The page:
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IRIS Utrecht

Country & City

  • The Netherlands
  • Utrecht

Project

Contact Information

Within IRIS, Utrecht combines solar energy, affordable social housing and broad access to electric mobility. These solutions are developed together with citizens and built on open data to accelerate change.

 

Home to 350.000 inhabitants, Utrecht is the fourth largest municipality in the Netherlands and the fastest growing city in the country with a predicted 400.000 inhabitants in 2025. Utrecht's core ambition is to be a climate neutral city by 2030.

The city has shown consistency and commitment to sustainable energy policy with ambitious Strategic Energy Action Plans and membership of the Covenant of Mayors among many other initiatives. Although Utrecht is very densely populated, the city has the highest rate of PV-systems installed in the Netherlands (2015: 10 MWp, 4000 installations) and aims to have 10,000 by 2020.

The city is also a recognised pioneer in electric vehicles (EVs) and vehicle to grid (V2G) charging technology. In 2018 a Smart Solar Charging station launched with 200 solar panels and a 1MWh battery, generating enough power to charge twenty full electric cars simultaneously with stored solar energy. Even when the sun doesn’t shine.

A cyclist’s paradise with 43% of journeys under 7.5km taken by bike, Utrecht boasts over 250km of bike paths and the world’s biggest bike parking garage with space for 12,500 cycles.

* Detailed information regarding the technical and financial performance will be available at a later stage.

The planned measures will reduce energy demand in the neighbourhood, increase the use of renewable energy, improve the comfort level of buildings, save costs on space heating and hot water and involve local residents in project planning.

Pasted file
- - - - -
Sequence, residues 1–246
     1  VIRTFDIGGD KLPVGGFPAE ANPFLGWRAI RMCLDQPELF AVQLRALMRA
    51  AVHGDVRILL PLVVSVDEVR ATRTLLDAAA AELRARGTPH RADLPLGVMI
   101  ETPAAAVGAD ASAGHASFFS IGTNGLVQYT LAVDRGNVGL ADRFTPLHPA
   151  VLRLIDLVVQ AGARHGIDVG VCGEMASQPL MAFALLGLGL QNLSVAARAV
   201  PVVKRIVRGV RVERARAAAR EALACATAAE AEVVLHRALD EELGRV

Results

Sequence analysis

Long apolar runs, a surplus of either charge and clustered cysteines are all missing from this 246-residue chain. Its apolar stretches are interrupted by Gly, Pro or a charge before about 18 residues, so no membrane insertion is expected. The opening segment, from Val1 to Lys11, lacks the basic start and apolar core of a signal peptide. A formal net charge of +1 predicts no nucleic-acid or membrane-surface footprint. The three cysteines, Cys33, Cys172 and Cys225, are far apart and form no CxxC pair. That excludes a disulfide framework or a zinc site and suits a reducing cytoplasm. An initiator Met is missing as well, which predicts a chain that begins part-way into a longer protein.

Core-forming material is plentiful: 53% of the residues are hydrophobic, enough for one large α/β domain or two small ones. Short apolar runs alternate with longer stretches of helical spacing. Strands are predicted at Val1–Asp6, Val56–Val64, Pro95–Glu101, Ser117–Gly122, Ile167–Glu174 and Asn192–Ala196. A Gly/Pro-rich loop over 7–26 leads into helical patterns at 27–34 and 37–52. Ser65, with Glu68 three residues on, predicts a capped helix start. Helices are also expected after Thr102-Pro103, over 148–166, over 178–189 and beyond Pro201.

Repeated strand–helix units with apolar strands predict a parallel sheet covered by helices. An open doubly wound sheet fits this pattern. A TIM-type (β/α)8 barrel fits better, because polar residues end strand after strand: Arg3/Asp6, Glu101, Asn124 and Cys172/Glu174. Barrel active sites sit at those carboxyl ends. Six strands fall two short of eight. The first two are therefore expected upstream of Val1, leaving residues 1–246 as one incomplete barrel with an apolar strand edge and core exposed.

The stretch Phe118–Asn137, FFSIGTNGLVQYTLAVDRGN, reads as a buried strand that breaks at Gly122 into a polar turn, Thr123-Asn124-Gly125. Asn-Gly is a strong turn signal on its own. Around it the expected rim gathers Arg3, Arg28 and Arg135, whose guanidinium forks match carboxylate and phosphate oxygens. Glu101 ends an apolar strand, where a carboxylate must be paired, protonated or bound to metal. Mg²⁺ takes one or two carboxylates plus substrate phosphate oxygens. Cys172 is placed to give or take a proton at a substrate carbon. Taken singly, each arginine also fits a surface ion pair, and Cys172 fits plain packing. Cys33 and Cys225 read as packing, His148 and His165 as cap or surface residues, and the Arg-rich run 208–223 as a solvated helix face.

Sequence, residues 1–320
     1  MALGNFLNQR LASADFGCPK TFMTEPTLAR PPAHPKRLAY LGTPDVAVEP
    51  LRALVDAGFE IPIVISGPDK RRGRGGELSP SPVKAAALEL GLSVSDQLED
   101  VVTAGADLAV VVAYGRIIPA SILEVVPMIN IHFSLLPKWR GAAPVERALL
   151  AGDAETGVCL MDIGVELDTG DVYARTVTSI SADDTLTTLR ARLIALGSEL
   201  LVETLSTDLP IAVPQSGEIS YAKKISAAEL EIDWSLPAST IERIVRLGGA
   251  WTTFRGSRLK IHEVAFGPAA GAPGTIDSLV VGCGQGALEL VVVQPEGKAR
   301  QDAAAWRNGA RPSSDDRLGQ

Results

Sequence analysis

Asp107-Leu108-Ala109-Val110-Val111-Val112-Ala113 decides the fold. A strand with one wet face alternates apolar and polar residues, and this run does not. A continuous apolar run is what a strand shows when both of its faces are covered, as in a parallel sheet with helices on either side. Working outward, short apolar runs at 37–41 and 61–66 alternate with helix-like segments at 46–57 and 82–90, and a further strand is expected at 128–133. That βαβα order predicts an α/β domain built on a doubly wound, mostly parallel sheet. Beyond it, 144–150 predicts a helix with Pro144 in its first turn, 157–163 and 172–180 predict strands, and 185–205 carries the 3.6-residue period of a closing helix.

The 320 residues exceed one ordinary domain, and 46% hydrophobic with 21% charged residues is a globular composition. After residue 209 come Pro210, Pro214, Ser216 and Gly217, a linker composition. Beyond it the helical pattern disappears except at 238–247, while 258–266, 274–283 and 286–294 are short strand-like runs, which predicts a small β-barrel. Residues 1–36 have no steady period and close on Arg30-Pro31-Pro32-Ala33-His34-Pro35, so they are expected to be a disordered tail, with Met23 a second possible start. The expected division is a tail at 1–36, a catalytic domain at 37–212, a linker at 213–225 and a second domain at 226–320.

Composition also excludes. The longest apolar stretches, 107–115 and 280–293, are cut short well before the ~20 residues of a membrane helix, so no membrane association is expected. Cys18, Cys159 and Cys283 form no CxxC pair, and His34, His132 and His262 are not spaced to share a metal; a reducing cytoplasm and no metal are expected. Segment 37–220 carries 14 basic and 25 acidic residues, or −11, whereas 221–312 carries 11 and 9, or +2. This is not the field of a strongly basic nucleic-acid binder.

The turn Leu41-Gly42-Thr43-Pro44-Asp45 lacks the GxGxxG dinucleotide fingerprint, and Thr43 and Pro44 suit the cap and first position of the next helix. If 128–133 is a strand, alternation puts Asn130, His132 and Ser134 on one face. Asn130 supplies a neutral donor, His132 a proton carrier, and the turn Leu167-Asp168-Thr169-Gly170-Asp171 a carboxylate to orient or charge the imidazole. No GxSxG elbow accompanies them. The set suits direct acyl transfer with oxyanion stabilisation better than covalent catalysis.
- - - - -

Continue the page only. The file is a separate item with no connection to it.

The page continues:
Energy: 

The Utrecht lighthouse demonstration will address the following:

  1. To become energy neutral districts, a high penetration of renewables is necessary, in addition to low energy buildings and infrastructures.
  2. For high penetration of renewable electricity, increasing the flexibility of the electricity grid is essential. Therefore demand response management as well as integrating storage capacity at district scale are necessary solutions.
  3. The district is characterised by a variety of energy infrastructure, the majority of which was installed in decades ago and has become obsolete. The resulting need for renewal of the energy infrastructure is an opportunity for transforming the district into a Near Zero Energy district. The aim is to use renewable power for heating and cooking rather than natural gas, and to create an all-renewable electric district.
  4. Kanaleneiland Zuid is a low-income district, asking for low and stable energy and mobility bills. A district-wide car sharing system deploying solar powered V2G e-cars is seen as a major chance, providing cost effective mobility, offering grid flexibility thanks to the storage capacity of the V2G-batteries, as well as resulting in low emission and noise levels.
  5. The diversity in stakeholders and the crucial role of citizens as enablers of the energy transition, especially in the low-income and multicultural district Kanaleneiland Zuid, require co-creation and attractive and inclusive services that support them in their own objectives to engage, express ownership, and behaviour change.
  6. In order to integrate energy efficiency solutions and renewables with storage for grid flexibility and sustainable mobility, integrated urban planning methods and data sharing tools are essential. Data based services for integrated urban district planning, as well as an urban ICT platform based on open specifications can be major enablers to manage the successful transformation towards intelligent, user-driven and demand-oriented infrastructures and information services, at household, district and city level.